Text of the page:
38. 38. Examples of good practice Accessible travel infopoint: Belgium/Flanders Sector: Council of Europe Disability Action Plan, Action line 2: Participation in cultural life, Action 6 Adoption and decision on principle Co-ordination Implementation Evaluation Beneficial for: All users Limitations: None Feasibility: All countries Description: With a link to the general website of Tourism Flanders, a website has been created for tourism opportun- ities for people with disabilities, www.toegankelijkreizen.be Universal Design features: the starting point is that all people can benefit, including people with disabilities, senior citizens, parents with young children, etc. A fundamental principle is that “travelling with a disability” is considered primarily as a tourism matter with a welfare aspect, and not the other way round. The example starts from the global treatment of “accessibil- ity”, which not only deals with accessible infrastructure but also with the accessibility of services and of information. Strategic elements employed: there is a policy plan from the Ministry of Employment and Tourism with the following main lines of action monitored by a special department in the general office of tourism: financial support for accessibil- ity changes, development of an accessibility label, awareness campaigns and training, provision of information to users (database, website), screening of facilities. In operation: 2001. 41
  39. 39. Achieving full participation through Universal Design Accessible Beaches in Valencia Community, Spain Sector: Council of Europe Disability Action Plan, Action line 2: Participation in cultural life, Action 6 Adoption and decision on principle Co-ordination Implementation Evaluation Beneficial for: All people, in particular people with reduced mobility, elderly people Limitations: None Feasibility: Spain Description: The Accessible Beaches Project of the Valencia Region has already made 74 beaches completely accessible and equipped. Several municipalities have requested to be included in the project, bearing in mind the benefits that uni- versal accessibility provides to all their citizens and for the attraction of tourists. For this purpose, parking, signs, ramps, special walkways to the seashore, amphibian chairs or a rest area with sunshades and special furnishings, bathing huts, WCs and showers with bathing chairs have been installed. Detailed information is available on the official webpage in Spanish, English, French, German, Chinese and Japanese. The Plan of Accessible Beaches of the Valencia Region is being developed by the Generalitat Valenciana, Conselleria de Benestar Social. Universal Design features: Implementation of accessibility in tourism. More information: www.comunitatvalenciana.com/playas/playas1.htm? www.bsocial.gva.es In operation: Since 2001. 42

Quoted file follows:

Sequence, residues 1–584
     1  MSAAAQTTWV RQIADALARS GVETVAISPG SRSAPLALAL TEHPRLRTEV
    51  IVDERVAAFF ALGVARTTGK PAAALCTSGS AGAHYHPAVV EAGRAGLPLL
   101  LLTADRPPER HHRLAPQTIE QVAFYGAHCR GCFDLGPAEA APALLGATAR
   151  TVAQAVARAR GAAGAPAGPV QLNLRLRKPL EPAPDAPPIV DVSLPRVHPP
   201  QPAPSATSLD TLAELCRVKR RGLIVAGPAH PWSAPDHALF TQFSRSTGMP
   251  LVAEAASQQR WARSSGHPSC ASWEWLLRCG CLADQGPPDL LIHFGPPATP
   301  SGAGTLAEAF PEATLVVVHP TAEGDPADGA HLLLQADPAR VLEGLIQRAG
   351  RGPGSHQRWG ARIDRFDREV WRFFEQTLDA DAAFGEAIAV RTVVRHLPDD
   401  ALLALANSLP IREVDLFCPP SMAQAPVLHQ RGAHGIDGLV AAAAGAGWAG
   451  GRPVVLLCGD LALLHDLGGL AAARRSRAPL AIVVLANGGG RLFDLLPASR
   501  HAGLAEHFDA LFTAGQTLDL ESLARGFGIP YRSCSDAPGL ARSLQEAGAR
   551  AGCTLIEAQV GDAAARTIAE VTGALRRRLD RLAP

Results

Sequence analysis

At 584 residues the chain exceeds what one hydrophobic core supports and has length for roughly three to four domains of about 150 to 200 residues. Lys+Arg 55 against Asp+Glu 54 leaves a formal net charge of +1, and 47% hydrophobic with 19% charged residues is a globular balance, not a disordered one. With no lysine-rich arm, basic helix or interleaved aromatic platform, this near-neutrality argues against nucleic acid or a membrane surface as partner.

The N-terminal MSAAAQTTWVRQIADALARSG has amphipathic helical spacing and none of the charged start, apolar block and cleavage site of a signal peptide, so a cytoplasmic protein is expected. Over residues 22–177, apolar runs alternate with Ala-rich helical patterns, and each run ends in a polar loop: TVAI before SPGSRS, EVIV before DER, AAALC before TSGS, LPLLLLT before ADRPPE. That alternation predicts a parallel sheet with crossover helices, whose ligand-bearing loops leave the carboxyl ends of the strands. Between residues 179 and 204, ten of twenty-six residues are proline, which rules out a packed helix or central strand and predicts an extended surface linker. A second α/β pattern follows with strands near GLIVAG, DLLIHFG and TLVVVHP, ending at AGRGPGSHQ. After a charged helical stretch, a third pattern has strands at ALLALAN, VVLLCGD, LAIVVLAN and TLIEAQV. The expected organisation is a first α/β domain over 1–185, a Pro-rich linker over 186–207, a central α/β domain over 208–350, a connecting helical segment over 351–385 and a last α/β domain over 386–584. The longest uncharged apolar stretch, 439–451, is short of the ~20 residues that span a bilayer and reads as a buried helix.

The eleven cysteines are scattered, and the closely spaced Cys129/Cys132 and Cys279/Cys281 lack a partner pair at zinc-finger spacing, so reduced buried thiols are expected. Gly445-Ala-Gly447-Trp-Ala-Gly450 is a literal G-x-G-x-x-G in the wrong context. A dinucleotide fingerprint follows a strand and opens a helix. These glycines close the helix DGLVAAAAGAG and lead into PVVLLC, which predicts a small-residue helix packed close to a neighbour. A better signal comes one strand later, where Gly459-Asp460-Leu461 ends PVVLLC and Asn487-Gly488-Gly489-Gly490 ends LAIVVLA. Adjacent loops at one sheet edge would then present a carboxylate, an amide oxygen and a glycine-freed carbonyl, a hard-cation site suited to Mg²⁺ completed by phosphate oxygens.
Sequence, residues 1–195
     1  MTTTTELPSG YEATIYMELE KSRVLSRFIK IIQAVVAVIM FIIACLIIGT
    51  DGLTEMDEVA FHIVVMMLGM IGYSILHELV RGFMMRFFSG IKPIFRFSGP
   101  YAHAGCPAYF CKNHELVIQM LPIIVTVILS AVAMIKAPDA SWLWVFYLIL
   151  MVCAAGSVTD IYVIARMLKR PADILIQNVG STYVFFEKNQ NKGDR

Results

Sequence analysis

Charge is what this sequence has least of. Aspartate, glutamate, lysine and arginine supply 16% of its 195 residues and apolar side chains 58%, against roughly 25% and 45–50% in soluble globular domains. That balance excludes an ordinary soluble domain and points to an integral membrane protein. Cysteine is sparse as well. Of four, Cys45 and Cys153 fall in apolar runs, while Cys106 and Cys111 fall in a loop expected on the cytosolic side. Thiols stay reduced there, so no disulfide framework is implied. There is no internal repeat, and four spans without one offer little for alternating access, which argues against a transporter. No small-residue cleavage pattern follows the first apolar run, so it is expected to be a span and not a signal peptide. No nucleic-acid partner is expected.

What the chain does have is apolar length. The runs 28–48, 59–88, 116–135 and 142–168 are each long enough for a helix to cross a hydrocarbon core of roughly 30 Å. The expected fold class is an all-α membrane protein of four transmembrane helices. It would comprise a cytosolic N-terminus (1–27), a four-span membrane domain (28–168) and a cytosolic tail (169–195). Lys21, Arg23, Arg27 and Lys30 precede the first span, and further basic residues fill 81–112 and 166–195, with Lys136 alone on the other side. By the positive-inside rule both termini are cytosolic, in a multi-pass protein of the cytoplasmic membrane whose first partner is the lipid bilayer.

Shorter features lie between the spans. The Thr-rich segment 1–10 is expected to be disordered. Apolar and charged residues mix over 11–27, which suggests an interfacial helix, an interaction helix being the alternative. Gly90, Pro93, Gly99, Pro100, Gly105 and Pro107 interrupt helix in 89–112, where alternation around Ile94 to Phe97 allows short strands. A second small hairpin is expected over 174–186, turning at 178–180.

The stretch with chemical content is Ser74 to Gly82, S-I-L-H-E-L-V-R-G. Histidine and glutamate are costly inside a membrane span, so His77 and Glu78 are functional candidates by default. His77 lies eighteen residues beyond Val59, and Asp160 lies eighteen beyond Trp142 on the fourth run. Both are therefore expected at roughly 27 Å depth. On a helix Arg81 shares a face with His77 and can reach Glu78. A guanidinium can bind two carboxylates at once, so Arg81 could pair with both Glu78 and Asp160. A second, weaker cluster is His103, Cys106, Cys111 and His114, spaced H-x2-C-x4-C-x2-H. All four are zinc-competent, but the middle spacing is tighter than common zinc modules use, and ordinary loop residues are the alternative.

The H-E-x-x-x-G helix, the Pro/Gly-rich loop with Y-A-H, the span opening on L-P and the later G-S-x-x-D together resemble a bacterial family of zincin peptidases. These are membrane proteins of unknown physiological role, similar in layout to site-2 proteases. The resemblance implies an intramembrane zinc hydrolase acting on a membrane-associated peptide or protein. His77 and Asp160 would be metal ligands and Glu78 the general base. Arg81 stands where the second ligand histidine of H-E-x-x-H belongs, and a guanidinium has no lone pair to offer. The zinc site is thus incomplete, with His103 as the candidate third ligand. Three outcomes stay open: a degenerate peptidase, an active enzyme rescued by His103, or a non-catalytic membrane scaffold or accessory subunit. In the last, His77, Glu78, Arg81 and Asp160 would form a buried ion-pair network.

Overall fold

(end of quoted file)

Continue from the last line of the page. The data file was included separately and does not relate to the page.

40. 40. Examples of good practice Accessible Beach – Beach for All, Portugal Sector: Council of Europe Disability Action line 2: Participation in cultural life, Action 6 Adoption and decision on principle Co-ordination Implementation Evaluation Beneficial for: People with disabilities and the population at large Limitations: None Feasibility: All countries Description: Since 2004, Portugal has carried out this project with a view to making the coast and inland urban beaches fully accessible to people with disabilities. Prerequisites include: Pedestrian access with ramps, prop- erly designed parking, access to the bathing area, pathways throughout the sand, adapted sanitary facilities (toilets), access to first aid stations, bars and restaurants accessible, amphibi- ous sea aids to assist bathing. Universal Design features: adapted sanitary facilities (toilets), pathways allowing people to cross when passing one another at the same time. In operation: Since 2004. 43
  41. 41. Achieving full participation through Universal Design Tourism, Luxembourg Description: The Luxembourg concept of Sector: Council of Europe Accessibility (2004) incorporates actions of Disability Action awareness raising, information, technical Plan, Action line 2: counselling by professional experts, Participation involvement of key actors on the scene as in cultural life, well as labelling systems for the level of Action 6 accessibility. Adoption and decision In close co-operation with the Saarland on principle (Germany) in the domain of accessible Co-ordination tourism, the two partners have prepared two pamphlets, the first of which aims at Implementation identifying hotels and restaurants accessible to all, and the second presents various Evaluation sites in Saarland and Luxembourg that distinguish themselves by their accessibility Beneficial for: The public at and/or Universal Design features. The project large addresses the public at large. Limitations: None Feasibility: All countries Wheelchair-accessible quays and paths in nature reserves, Ministry of Agriculture, Nature and Food Quality, the Netherlands Description: Construction of wheelchair- Sector: Council of Europe accessible quays and paths in nature reserves Disability Action Plan, Action line 2: Universal Design features: improvement of Participation accessibility in different tourist areas in cultural life, Action 6 Adoption and decision on principle Co-ordination Implementation Evaluation Beneficial for: Wheelchair users Limitations: None Feasibility: 44